As we have seen in the previous chapters an ice sheet can easily become a few kilometers thick. For example, the ice thickness on Antarctica reaches values of more than 4500 m with a mean value of about 2000 m. So a considerable pressure is exerted on the underlying bedrock, which will deflect to restore the equilibrium of forces. In some ice—sheet models the effect of ice thickness on bedrock topography is incorporated by assuming local,isostatic adjustment (with a time lag of 4000 years, say).However, the rigidity of the lithosphere gives rise to deviations from isostatic equilibrium, especially near the edges of the sheet.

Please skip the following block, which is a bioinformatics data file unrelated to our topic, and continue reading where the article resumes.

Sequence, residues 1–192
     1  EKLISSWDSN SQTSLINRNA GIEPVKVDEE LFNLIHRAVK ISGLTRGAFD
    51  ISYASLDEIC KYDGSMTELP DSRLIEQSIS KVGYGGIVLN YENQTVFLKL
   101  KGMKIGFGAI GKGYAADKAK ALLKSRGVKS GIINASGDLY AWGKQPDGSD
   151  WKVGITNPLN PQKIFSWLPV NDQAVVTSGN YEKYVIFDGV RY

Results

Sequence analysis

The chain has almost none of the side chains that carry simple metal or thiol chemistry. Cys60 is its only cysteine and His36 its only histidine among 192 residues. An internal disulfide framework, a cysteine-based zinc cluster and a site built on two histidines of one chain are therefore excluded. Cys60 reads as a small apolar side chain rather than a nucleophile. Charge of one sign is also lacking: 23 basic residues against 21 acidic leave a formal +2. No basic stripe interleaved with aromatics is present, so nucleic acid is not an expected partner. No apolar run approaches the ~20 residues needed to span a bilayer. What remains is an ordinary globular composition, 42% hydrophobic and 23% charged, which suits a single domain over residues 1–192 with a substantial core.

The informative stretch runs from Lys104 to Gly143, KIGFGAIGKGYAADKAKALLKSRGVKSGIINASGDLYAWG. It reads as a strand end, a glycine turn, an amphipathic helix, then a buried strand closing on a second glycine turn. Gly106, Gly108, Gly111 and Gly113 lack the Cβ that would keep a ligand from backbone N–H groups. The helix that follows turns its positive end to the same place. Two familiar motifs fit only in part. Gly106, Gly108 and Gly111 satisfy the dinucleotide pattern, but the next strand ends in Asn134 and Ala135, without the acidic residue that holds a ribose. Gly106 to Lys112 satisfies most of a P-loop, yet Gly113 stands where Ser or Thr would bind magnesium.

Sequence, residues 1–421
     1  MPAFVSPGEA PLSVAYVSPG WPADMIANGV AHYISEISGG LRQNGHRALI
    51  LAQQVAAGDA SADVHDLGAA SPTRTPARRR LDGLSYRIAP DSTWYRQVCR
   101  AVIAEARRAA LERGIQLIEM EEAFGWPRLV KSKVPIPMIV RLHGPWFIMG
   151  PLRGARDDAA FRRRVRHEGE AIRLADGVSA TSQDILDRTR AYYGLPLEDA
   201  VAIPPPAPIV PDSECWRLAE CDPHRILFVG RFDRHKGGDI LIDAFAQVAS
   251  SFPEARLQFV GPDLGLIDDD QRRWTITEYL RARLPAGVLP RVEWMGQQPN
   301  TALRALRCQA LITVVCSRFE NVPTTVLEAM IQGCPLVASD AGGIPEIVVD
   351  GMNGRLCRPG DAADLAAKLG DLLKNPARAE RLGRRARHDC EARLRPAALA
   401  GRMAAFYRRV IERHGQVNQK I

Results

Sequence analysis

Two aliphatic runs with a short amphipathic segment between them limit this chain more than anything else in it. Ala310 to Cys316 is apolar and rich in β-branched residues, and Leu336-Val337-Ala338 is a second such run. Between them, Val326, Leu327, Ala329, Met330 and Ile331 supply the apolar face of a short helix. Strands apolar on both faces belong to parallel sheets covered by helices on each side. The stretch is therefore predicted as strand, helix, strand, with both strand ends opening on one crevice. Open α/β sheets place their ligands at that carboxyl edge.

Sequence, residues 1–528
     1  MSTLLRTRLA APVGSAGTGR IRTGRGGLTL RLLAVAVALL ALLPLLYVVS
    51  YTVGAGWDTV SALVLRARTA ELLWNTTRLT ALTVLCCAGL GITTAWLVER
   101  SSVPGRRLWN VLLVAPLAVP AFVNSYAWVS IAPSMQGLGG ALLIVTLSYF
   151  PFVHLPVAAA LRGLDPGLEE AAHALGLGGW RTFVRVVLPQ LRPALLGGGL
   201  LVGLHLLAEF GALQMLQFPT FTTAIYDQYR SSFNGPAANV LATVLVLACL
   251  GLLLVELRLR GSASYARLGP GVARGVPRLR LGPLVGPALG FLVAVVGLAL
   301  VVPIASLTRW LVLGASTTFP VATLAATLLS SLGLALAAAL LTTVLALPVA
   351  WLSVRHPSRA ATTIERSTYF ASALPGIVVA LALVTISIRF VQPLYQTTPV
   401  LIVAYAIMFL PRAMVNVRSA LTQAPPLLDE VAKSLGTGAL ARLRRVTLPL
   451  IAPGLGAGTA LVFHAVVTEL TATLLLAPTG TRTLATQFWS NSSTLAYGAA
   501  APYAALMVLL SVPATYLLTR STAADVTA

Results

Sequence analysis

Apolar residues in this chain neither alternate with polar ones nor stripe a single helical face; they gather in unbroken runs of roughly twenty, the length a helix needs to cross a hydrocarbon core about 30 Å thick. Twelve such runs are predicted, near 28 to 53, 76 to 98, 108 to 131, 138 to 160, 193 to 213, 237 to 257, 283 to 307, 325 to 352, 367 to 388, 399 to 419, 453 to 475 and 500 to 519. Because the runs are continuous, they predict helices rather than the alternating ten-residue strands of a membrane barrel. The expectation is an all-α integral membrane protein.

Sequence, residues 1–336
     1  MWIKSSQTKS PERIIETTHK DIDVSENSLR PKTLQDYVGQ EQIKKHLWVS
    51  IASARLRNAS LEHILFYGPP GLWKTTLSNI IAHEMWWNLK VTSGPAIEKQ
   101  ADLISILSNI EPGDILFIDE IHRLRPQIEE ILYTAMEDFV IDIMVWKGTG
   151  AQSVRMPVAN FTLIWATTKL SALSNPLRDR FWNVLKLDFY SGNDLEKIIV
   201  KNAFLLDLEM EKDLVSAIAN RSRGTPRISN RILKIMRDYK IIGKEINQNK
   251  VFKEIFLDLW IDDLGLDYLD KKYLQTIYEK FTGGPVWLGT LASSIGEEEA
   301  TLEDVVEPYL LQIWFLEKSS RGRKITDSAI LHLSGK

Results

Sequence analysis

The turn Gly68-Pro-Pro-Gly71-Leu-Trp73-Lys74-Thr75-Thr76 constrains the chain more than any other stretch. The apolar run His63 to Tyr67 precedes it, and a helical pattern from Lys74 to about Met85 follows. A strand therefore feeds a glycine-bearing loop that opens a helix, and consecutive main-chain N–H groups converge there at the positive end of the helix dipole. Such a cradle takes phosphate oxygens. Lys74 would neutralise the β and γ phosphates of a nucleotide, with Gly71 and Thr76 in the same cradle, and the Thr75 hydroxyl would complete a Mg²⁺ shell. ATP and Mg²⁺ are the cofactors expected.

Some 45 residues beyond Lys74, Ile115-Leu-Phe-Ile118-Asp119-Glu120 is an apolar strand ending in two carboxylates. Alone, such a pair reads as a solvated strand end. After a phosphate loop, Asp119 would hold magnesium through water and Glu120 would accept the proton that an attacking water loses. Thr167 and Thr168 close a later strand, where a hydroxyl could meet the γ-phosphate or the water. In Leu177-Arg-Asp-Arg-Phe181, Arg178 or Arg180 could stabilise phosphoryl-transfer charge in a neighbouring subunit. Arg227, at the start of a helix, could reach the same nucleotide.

Weitere Kapitel dieses Buchs durch Wischen aufrufen
- Bedrock Adjustment
C. J. van der Veen
- Springer Netherlands